By ALEX VEIGA
Stocks are broadly lower on Wall Street in midday trading Thursday, extending their losing streak to a fifth day as investors remain wary of how the economy will hold up as the Federal Reserve ratchets up interest rates to fight inflation.
The S&P 500 was down 0.9% as of 12:23 p.m. Eastern. The Dow Jones Industrial Average fell 101 points, or 0.3%, to 31,408 and the Nasdaq composite slid 2%.
The major indexes have closed lower four days in a row. The latest wave of selling continues a weak patch that has wiped out much of the gains the market made in July and early August.
Technology stocks were once again the heaviest weight on the market. Nvidia dropped 11.9% after the chipmaker said the U.S. government imposed new licensing requirements on its sales to China.
Banks and companies that rely on consumer spending also helped drag the market lower. Goldman Sachs dropped 1.1% and Carnival fell 4.4%.
Energy stocks fell as the price of U.S. crude oil, which is coming off its third month of declines, dropped 3.1% to $86.74 a barrel. Chevron slid 1.4%.
Health care stocks were a bright spot. Johnson & Johnson rose 2.2%.
Smaller company stocks also lost ground, pulling the Russell 2000 index 2.1% lower. In Europe, major stock indexes were down. Markets in Asia closed lower.
Treasury yields were broadly higher. The yield on the 10-year Treasury, which influences interest rates on mortgages and other consumer loans, rose to 3.25% from 3.20% late Wednesday. The two-year Treasury yield, which tends to track expectations for Fed action, rose to 3.52% from 3.50%.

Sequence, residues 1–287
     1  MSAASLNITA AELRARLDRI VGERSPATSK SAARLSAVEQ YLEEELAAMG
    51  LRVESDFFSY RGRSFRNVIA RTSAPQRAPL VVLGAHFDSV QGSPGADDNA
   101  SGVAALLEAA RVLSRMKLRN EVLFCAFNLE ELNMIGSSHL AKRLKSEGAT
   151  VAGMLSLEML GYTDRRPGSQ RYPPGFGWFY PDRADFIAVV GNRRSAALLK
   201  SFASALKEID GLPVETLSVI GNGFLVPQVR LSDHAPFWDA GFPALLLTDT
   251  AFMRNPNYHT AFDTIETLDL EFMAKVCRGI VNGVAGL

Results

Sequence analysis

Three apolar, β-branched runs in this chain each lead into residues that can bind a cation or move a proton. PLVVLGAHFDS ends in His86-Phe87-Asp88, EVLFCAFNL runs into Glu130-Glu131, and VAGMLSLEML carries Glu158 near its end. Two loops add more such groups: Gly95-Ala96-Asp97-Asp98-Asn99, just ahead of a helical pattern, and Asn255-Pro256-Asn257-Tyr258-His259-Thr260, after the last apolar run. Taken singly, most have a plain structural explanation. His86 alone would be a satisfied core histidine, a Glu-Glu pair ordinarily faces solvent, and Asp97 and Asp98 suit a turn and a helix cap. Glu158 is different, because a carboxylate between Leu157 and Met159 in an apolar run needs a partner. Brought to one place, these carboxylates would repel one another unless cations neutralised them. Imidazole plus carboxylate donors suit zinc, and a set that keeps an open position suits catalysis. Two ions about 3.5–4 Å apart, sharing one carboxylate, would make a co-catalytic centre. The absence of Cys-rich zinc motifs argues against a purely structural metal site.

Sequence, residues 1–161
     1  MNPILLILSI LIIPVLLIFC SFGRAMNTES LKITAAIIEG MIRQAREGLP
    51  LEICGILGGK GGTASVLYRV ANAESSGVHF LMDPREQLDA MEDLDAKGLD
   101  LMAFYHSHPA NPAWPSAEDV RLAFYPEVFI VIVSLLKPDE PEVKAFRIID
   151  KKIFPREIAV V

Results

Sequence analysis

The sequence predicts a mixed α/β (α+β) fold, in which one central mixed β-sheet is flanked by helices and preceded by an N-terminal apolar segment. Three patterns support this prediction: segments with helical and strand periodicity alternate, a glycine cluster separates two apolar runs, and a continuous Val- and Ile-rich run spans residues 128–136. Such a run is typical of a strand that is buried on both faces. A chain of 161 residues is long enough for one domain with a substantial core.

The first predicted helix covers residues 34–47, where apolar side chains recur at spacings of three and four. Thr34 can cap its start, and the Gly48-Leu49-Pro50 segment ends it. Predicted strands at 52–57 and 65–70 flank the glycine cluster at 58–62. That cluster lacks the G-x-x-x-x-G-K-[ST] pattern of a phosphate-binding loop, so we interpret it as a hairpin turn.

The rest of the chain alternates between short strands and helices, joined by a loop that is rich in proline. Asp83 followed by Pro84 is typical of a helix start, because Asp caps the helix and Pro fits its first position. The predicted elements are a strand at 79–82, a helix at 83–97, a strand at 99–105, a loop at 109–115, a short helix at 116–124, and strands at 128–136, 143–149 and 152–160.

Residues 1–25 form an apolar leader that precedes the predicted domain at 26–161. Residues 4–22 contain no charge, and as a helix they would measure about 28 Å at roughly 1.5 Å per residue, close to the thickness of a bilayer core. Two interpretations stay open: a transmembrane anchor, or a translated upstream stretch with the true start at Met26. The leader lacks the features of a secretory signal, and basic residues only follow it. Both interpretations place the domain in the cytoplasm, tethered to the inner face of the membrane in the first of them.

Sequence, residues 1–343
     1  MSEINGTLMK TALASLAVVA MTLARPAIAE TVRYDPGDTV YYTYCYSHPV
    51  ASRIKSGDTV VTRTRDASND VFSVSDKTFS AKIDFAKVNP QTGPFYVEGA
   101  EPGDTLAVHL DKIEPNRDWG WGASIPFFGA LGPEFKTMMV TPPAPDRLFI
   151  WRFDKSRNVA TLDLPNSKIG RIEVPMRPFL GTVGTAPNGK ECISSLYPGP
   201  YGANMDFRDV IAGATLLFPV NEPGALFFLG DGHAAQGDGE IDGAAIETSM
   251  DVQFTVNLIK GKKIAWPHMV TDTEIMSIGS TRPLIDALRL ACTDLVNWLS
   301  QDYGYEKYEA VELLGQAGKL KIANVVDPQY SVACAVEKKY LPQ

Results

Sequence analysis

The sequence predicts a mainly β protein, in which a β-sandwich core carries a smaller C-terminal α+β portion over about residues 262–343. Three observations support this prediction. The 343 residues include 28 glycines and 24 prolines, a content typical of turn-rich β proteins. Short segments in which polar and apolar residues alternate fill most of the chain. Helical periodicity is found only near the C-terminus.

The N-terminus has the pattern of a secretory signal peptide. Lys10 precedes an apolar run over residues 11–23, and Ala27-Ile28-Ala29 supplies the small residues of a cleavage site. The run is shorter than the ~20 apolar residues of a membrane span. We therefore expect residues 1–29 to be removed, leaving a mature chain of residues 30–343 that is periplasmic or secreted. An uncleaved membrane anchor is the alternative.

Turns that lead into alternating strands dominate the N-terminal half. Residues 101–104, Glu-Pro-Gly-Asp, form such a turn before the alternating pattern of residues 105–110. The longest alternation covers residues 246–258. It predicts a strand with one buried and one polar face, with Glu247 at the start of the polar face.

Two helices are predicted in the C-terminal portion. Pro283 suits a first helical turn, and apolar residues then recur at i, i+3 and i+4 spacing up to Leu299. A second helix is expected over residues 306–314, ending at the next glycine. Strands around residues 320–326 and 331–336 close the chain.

Bond yields have been rising along with expectations for higher interest rates, which the Federal Reserve has been increasing in a bid to squash the highest inflation in decades.
Markets have been on a losing streak since last week, when Federal Reserve Chairman Jerome Powell indicated that the central bank will likely need to keep interest rates high enough to slow the economy “for some time” in order to bring inflation down.
The Fed has already raised interest rates four times this year and is expected to raise short-term rates by another 0.75 percentage points at its next meeting later this month, according to CME Group.
Wall Street is worried that the Fed could hit the brakes too hard on an already slowing economy and veer it into a recession. Higher interest rates also hurt investment prices, especially for pricier stocks like technology companies.
The S&P 500 ended August with a 4.2% loss after surging 9.1% in July on optimism that the Fed might be able to ease back on raising rates following signs that inflation, while still high, was leveling off.
The July and early August market rally marked a brief positive turn for Wall Street after a weak first half of the year where the S&P 500 dropped 20% from its most recent high and entered a bear market. September may not offer much of a respite for investors, as historically it tends to be the worst month for stocks.
Investors have been closely watching economic data for any additional signs that the economy is slowing down or that inflation may be cooling or at least holding at its current level. Businesses and consumers have been hit hard by rising prices on everything from food to clothing, but recent declines in gasoline prices have provided some relief.
Strong U.S. employment data have helped fuel expectations of more interest rate hikes. The Labor Department reported Tuesday there were two jobs for every unemployed person in July, giving ammunition to Fed officials who argue the economy can tolerate more rate hikes to tame inflation that is at multi-decade highs.
On Thursday, the Labor Department said applications for unemployment benefits fell last week, the latest sign the job market continues to shine despite a slowing U.S. economy.
The government’s August jobs report, due out Friday, is also expected to show the job market remains robust.
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